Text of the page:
Friday, May 17, 2013

Leokadia Weronika Pellowska 1892-1946

My maternal grandmother, Leokadia Weronika Pellowska was born on 16 November 1892 on the family farm in Trempealeau County, Wisconsin. She was the fifth of eleven children born to Jakub (1859-1937) and Franciszka nee Zabinska (1862-1938) Pellowski. By the time Leokadia was five, the Pellowski family had moved across the river to Winona, where her father Jake operated a saloon at 769 East Fifth Street. The saloon was evidently a family business: Jake's brother Anton Pellowski and his brother-in-law Joseph Olszewski also lived and worked there. Joe was the husband of Anna Pellowska Olszewski (1871-1844), who is the main character in Anne Pellowski's First Farm in the Valley.

But life in the big city must not have suited the Pellowski family, because Jake and Franciszka were back in Trempealeau County in time for the 1905 Wisconsin Census. By 1913 or so, Jake Pellowski was still farming, but he also operated a sawmill in Dodge. When he purchased a piece of woodworking equipment from a factory in Winona, the factory sent one Karol Bambenek (1864-1937) to accompany the equipment on the train to Dodge, and teach its new user how to operate it. For company, "Charlie" Bambenek brought along his son Jan Karol Bambenek (1891-1966); as luck had it, Leokadia Pellowska was hanging around with her dad at the sawmill. On November 17, 1914 they were married at Sacred Heart-Saint Wenceslaus Parish in Pine Creek.

My second cousin Becky Kaldunski was kind enough to share with me the beautiful picture of the Pellowski women at left, which dates back to the early 1910s. Leokadia is at upper right, standing beside her sister Wiktoria Pellowska Hermann (1888-1921). In front, from left to right, are Marianna Pellowska Kaldunski (1886-1963), Sophia Pellowska Dorava (1907-1970), Emeline Pellowska Lilla (1904-1993) and the materfamilias Franciszka herself. About the turn of the century, Polish women started to be called (at least in the English-speaking general public) by their "English" names - so this could also be called a picture of Laura, Victoria, Mary, Sophie, Emaline, and Frances.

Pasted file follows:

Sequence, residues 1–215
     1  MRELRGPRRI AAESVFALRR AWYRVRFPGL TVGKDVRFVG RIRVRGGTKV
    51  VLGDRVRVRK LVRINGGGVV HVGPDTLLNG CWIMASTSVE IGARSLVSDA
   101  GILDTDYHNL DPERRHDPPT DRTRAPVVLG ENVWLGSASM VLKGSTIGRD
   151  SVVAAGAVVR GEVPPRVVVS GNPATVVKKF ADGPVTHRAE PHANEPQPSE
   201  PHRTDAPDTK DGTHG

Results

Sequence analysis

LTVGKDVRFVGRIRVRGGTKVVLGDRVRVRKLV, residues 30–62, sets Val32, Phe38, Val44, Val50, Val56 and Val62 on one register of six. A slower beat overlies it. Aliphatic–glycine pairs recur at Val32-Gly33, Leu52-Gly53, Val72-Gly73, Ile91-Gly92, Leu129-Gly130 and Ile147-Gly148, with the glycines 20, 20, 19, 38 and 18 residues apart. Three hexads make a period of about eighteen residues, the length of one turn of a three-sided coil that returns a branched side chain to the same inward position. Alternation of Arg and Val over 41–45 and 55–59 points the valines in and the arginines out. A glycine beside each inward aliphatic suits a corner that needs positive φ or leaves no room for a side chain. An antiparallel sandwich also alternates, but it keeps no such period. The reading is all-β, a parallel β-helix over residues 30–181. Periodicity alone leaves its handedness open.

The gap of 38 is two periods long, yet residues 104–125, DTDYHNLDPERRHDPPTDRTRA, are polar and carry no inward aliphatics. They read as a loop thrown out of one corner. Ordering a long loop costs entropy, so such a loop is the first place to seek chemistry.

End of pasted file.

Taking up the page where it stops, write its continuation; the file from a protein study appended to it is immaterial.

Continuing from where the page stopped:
I know only a few stories about Grandmother Bambenek; she died of a heart attack in 1946, when my  Mom (who was named after her) was only thirteen. As long as I can remember, we had these two pictures in our living room; looking back on it, it was weird that our only pictures of Grandmother Bambenek were taken while she was in her coffin. But that just means I have Mom to thank for my Wisconsin Death Trip streak.Just before Mom passed away in 2003, I took the time to scan some of the family photo collection and discovered this missing gem. It was taken in the Bambenek family home at 578 East Fifth Street, and I was able to date it to February 1942 from the calendar in the background. Grandma actually looks in very nice shape for a fifty year old woman with six children ranging in age from five to twenty-seven. Grandpa looks, well, hirsute for a fifty-one year old man from whom (I am told) I inherited my own distinctively receding hairline. I could also swear that he is photobombing Grandma.

Friday, May 10, 2013

Franciszek Eichmann

Franciszek Eichmann (1800 Lipusz - 1891 Burnside)
Katarzyna Maszk (1808 Lipusz? - bef. 1880 Burnside?)

The senior branch of the Eichmann family reached the United States first, but turned out to be rather less prolific. The 1860 US Census has "Frederic and Catherine Ashman" living in Dubuque, Iowa: a tip of the hat to Larry Reski at Poland to Pine Creek for making a connection I don't think anyone else would have caught. Assigning Franciszek to Lipusz seems a pretty safe bet, but Katarzyna earns a question mark. Although the PGSA's list of Kashubian surnames associates her surname with Lipusz, I have no hard proof as of yet.

The 1870 US Census finds Franciszek and Katarzyna living and operating a saloon in the town of Trempealeau. The 1880 Census finds Franciszek living in the town of Burnside with the family of his daughter Anna Katarzyna Kistowska and her husband Jakub Kistowski. Since Katarzyna is not listed in the 1880 census, I have to assume she was deceased by then, but the records are lacking.